02/16/2011 11:17 AM
On Tuesday, the United States and its negotiating partners completed the second day of negotiations at Round 5 of the Trans-Pacific Partnership (TPP) Agreement in Santiago, Chile. Negotiators held meetings on trade remedies and business mobility, and continued discussions on goods market access, financial services, intellectual property, technical barriers to trade, customs cooperation, legal and institutional issues and the environment.
TPP negotiators also took part in a full day of presentations by civil society and industry stakeholders from Chile and elsewhere in Latin America, New Zealand and the United States. Stakeholder presentations covered a wide range of issues, including environmental protection, investment, agricultural exports, the financial sector and freedom of expression on the internet. In addition, civil society and industry stakeholders expressed a broad range of perspectives on intellectual property issues.
Broad stakeholder outreach has been an important feature of the TPP negotiations since they began and constructive input from the business community and civil society groups remains a valuable resource for TPP negotiators.
02/14/2011 8:16 PM
Today the United States and negotiating partners Australia, Brunei Darussalam, Chile, Malaysia, New Zealand, Peru, Singapore, and Vietnam launched Round 5 of negotiations on the Trans-Pacific Partnership (TPP) Agreement in Santiago, Chile.
Jorge Bunster, Chile`s Director General of International Economic Relations, welcomed the delegations from the TPP countries and encouraged negotiators to continue the progress achieved in previous rounds and strive to significantly advance the negotiations in Chile. The United States joined the TPP negotiations in late 2009 with the goal of a broad, 21st-century regional trade agreement that addresses the issues American businesses and workers face today, and gives them better access to the growing markets of the Asia-Pacific.
Negotiators started the week with meetings on market access for goods, telecommunications, customs cooperation, financial services, technical barriers to trade, legal and institutional issues, and environment. In addition, TPP countries continued discussions on new cross-cutting themes that will feature in the TPP Agreement, such as helping small and medium-sized enterprises participate more actively in international trade, promoting connectivity and deepening linkages to the emerging production and distribution networks in the Asia-Pacific; and making the regulatory approaches of TPP countries more compatible so U.S. companies can operate more seamlessly in TPP markets.
Over the coming week, negotiators will meet on the full range of issues to be included in the TPP and will engage with the more than 60 public and private sector stakeholders attending the negotiations.
02/14/2011 10:48 AM
Ambassador Kirk will travel this week to Minneapolis, Minnesota to co-host a one-day conference, entitled “New Markets, New Jobs.” The Ambassador and members of the Obama Administration will talk to small business owners about how to break into international markets. This week’s trade spotlight focuses on how Minnesota businesses and workers benefit from exporting.
All across the Land of 10,000 Lakes, business owners, workers, farmers and manufacturers rely on trade. In 2009, goods exports from Minnesota totaled more than $15 billion, supporting 155,000 local jobs.
In the past decade, Minnesota’s exports of manufactured products increased by more than 50 percent. Goods such as computer and electronic products, machinery, and transportation equipment were exported across the world.
Small businesses like Mattracks, Inc. in Karlstad benefit from various international trade opportunities. A rubber-track manufacturing firm, Mattracks sells its track system models to customers in more than 70 countries. Exports account for almost half of the company’s revenue and support more than 45 employees.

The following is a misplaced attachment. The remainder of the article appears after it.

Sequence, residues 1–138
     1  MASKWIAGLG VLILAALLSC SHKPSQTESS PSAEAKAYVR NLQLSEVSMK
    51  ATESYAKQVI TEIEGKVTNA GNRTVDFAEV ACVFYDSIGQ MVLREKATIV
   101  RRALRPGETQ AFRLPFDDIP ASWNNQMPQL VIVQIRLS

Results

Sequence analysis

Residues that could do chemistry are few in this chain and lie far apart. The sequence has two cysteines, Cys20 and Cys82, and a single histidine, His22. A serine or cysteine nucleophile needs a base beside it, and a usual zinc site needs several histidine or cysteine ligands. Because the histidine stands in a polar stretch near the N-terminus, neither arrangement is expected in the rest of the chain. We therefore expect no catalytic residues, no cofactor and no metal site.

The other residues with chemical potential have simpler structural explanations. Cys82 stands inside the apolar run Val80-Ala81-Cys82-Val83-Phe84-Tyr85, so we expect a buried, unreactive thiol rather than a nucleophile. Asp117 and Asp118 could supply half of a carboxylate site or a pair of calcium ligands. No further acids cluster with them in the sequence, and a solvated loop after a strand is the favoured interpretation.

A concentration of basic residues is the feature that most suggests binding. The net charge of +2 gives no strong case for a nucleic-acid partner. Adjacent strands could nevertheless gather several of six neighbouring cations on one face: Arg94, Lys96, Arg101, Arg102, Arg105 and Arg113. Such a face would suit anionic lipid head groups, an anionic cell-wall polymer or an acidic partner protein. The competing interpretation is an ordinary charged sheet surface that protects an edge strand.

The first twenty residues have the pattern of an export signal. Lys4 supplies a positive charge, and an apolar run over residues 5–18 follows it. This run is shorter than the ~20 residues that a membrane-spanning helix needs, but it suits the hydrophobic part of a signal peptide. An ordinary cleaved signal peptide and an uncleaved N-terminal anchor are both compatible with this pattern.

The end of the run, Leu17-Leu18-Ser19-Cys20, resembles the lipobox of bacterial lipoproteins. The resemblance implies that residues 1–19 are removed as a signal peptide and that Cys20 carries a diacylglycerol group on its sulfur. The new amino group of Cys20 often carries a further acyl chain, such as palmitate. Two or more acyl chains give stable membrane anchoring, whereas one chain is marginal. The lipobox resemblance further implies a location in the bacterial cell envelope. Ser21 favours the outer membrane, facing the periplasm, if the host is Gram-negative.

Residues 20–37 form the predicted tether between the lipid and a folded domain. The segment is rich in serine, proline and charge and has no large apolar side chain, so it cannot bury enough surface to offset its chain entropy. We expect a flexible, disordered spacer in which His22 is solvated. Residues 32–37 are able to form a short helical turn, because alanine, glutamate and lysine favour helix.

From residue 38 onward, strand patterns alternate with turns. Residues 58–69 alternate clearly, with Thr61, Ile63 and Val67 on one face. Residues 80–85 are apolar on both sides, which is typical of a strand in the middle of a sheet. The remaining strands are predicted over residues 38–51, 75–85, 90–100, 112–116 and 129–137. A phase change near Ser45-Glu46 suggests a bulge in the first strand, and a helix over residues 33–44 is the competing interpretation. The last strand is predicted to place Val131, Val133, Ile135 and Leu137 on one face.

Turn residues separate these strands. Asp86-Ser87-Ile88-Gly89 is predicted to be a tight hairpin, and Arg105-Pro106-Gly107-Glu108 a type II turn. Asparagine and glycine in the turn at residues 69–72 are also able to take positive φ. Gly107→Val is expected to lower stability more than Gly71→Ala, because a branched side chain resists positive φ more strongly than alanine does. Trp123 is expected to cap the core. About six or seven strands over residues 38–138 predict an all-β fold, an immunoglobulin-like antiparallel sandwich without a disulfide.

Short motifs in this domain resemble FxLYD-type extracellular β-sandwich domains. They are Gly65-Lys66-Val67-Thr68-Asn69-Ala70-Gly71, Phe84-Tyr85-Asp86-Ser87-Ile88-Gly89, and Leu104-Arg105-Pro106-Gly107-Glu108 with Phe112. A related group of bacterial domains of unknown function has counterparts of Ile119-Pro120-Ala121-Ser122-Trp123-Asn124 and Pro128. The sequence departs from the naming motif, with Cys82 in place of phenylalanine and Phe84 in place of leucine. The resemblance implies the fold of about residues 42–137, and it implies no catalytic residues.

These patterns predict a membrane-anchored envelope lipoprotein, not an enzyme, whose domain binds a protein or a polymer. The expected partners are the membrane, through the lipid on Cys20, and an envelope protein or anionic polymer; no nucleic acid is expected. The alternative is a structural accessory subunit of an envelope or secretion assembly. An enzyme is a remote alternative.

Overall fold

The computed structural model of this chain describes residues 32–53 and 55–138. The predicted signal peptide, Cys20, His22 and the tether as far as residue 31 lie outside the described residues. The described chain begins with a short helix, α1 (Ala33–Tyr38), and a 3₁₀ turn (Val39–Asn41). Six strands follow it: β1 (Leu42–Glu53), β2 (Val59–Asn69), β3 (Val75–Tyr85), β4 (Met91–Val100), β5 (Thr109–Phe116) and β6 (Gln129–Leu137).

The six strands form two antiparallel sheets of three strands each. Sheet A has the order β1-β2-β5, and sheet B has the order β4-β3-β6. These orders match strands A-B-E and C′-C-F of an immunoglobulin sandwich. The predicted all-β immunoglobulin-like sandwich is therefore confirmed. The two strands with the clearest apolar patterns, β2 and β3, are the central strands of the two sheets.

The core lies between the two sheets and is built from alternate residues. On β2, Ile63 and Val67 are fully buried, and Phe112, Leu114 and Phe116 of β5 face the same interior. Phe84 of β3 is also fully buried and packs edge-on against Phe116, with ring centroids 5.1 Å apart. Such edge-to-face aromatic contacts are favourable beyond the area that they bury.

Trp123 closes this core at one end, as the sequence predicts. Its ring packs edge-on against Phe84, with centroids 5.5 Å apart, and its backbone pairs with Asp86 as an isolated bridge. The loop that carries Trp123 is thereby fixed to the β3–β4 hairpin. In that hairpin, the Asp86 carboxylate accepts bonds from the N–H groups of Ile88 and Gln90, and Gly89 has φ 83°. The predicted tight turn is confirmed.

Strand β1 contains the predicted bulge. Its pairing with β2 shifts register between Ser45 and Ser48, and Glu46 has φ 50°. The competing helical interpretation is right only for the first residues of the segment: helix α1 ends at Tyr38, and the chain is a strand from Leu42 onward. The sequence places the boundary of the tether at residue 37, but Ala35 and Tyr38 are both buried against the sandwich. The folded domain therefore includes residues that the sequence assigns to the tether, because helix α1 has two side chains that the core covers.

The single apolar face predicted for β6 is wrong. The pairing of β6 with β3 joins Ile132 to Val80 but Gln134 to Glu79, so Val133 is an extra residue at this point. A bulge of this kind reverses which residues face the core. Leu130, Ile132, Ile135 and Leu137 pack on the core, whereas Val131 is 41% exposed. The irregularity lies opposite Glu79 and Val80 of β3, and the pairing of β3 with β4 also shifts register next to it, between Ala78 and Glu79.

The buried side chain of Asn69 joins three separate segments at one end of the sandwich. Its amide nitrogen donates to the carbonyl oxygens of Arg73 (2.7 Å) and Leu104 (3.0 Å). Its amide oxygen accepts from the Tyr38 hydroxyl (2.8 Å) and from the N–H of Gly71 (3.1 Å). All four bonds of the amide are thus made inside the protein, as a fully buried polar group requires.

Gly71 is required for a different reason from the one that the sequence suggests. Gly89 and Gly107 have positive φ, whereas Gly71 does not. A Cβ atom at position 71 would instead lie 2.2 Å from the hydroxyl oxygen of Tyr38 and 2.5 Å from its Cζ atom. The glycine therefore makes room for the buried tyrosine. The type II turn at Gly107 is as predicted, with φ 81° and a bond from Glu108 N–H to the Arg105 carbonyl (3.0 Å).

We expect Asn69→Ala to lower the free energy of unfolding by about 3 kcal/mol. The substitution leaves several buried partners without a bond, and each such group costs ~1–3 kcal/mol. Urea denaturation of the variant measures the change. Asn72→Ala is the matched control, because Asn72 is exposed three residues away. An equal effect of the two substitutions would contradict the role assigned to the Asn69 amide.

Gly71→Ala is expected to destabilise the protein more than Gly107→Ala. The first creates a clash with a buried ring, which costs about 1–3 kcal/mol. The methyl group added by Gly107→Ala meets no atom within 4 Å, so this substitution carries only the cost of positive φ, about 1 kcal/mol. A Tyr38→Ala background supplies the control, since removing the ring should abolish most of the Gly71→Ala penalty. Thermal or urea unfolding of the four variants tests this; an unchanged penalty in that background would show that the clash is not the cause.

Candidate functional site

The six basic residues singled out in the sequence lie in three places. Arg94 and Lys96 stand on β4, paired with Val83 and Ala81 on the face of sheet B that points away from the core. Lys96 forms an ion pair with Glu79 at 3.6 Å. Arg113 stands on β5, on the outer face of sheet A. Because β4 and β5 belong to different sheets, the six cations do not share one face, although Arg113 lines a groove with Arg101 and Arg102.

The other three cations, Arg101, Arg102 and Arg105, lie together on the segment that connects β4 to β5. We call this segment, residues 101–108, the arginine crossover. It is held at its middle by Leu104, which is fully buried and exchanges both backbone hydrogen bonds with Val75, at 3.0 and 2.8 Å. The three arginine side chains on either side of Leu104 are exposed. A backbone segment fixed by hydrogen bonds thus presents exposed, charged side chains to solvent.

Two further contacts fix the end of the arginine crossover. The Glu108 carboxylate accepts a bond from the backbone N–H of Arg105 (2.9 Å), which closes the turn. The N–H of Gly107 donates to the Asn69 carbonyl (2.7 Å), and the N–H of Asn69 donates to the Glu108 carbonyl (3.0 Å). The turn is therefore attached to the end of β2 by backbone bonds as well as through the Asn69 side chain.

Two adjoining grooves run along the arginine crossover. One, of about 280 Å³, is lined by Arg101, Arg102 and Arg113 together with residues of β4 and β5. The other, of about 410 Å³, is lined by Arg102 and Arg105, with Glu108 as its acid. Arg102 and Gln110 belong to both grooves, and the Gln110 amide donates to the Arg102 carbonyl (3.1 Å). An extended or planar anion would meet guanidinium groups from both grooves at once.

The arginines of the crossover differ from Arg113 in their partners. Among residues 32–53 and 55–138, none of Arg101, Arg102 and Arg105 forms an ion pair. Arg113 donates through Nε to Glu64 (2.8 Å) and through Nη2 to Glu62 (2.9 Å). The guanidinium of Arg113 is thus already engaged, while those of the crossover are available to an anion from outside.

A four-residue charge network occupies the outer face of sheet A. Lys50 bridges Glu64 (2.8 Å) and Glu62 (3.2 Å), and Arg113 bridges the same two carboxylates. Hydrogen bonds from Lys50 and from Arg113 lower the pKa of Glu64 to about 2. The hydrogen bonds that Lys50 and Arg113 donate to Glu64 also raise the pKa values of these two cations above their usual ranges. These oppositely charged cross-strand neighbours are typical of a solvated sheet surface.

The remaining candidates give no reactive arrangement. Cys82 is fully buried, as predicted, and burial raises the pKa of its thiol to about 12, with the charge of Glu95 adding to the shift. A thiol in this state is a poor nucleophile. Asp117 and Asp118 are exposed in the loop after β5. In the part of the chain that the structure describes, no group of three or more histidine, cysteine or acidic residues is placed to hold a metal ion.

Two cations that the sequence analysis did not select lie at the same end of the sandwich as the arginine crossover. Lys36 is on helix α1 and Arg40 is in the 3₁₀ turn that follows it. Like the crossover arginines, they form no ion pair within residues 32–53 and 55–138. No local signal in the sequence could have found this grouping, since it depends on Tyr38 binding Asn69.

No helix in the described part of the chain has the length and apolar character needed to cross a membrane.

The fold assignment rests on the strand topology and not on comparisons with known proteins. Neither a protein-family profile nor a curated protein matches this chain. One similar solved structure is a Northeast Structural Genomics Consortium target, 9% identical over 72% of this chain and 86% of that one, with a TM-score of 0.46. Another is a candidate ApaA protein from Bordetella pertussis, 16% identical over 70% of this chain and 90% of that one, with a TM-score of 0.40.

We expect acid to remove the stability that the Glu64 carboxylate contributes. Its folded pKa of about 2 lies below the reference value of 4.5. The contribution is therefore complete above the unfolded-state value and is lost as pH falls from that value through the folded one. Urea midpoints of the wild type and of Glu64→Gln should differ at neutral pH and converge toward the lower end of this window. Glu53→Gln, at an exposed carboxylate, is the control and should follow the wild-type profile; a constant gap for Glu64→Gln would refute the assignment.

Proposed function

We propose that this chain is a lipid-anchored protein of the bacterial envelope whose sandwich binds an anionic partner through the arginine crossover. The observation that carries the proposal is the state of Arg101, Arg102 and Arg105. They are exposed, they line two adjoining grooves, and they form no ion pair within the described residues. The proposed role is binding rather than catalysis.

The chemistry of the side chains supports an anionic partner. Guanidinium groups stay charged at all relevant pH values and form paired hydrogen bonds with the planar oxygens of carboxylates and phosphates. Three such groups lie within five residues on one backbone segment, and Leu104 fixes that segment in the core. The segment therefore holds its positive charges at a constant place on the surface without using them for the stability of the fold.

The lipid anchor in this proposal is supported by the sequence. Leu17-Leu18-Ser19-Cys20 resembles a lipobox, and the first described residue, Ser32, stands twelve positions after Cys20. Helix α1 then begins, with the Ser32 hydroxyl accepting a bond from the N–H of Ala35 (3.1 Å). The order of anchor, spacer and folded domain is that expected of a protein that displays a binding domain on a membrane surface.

Minnesota is also a leading producer of agricultural products. Local farms and ranches are known for exporting high-quality soybeans, feed grains and wheat. These exports support more than 60,000 jobs both on and off the farm.
USTR is working to open markets around the world, helping to increase exports and support well-paying jobs for more Minnesotans.
02/11/2011 4:07 PM
Today, Ambassador Kirk hosted a leadership discussion with 16 Congressional Hispanic Caucus Institute (CHCI) fellows. He began the conversation by sharing his experience of being a member of President Obama’s Cabinet as the United States Trade Representative.
Ambassador Kirk with CHCI fellows
The questions and answers covered a variety of trade topics including the pending U.S. trade agreement with Korea. Ambassador Kirk and the fellows also discussed the value of education and how it will lead to more American innovation. That innovation will help the U.S. create the goods and services that the rest of the world wants to buy, which will increase our exports and support well-paying jobs here at home, the Ambassador said.
02/10/2011 6:25 PM
Today, Ambassador Kirk met with the Vice President of Panama, Juan Carlos Varela, to discuss the pending U.S.-Panama trade agreement. In testimony before the House Committee on Ways and Means yesterday, Ambassador Kirk announced the Obama Administration’s plans to intensify engagement with Panama to address outstanding issues relating to the agreement as soon as possible this year. Excerpts of his testimony are available here.
Ambassador Kirk and Panamanian Vice President Varela
The United States had a $3.99 billion trade surplus with Panama in 2009. Between 2004 and 2009, U.S. exports to Panama grew 142 percent from $1.8 billion in 2004 to $4.3 billion in 2009. The top exports from the U.S. in 2009 were mineral fuel (oil), machinery, and aircraft. The United States is Panama’s largest trading partner.
02/10/2011 4:54 PM
This morning, Deputy United States Trade Representative Miriam Sapiro delivered remarks on “The Transatlantic Trade Relationship – Achieving its Full Potential” at an event hosted by the European Policy Centre in Brussels, Belgium. Ambassador Sapiro underscored the fundamental strength of the U.S.-EU trade relationship which, with trade flows exceeding $3.5 billion each day, is the world’s largest. She also presented her vision for a more deeply integrated transatlantic economy.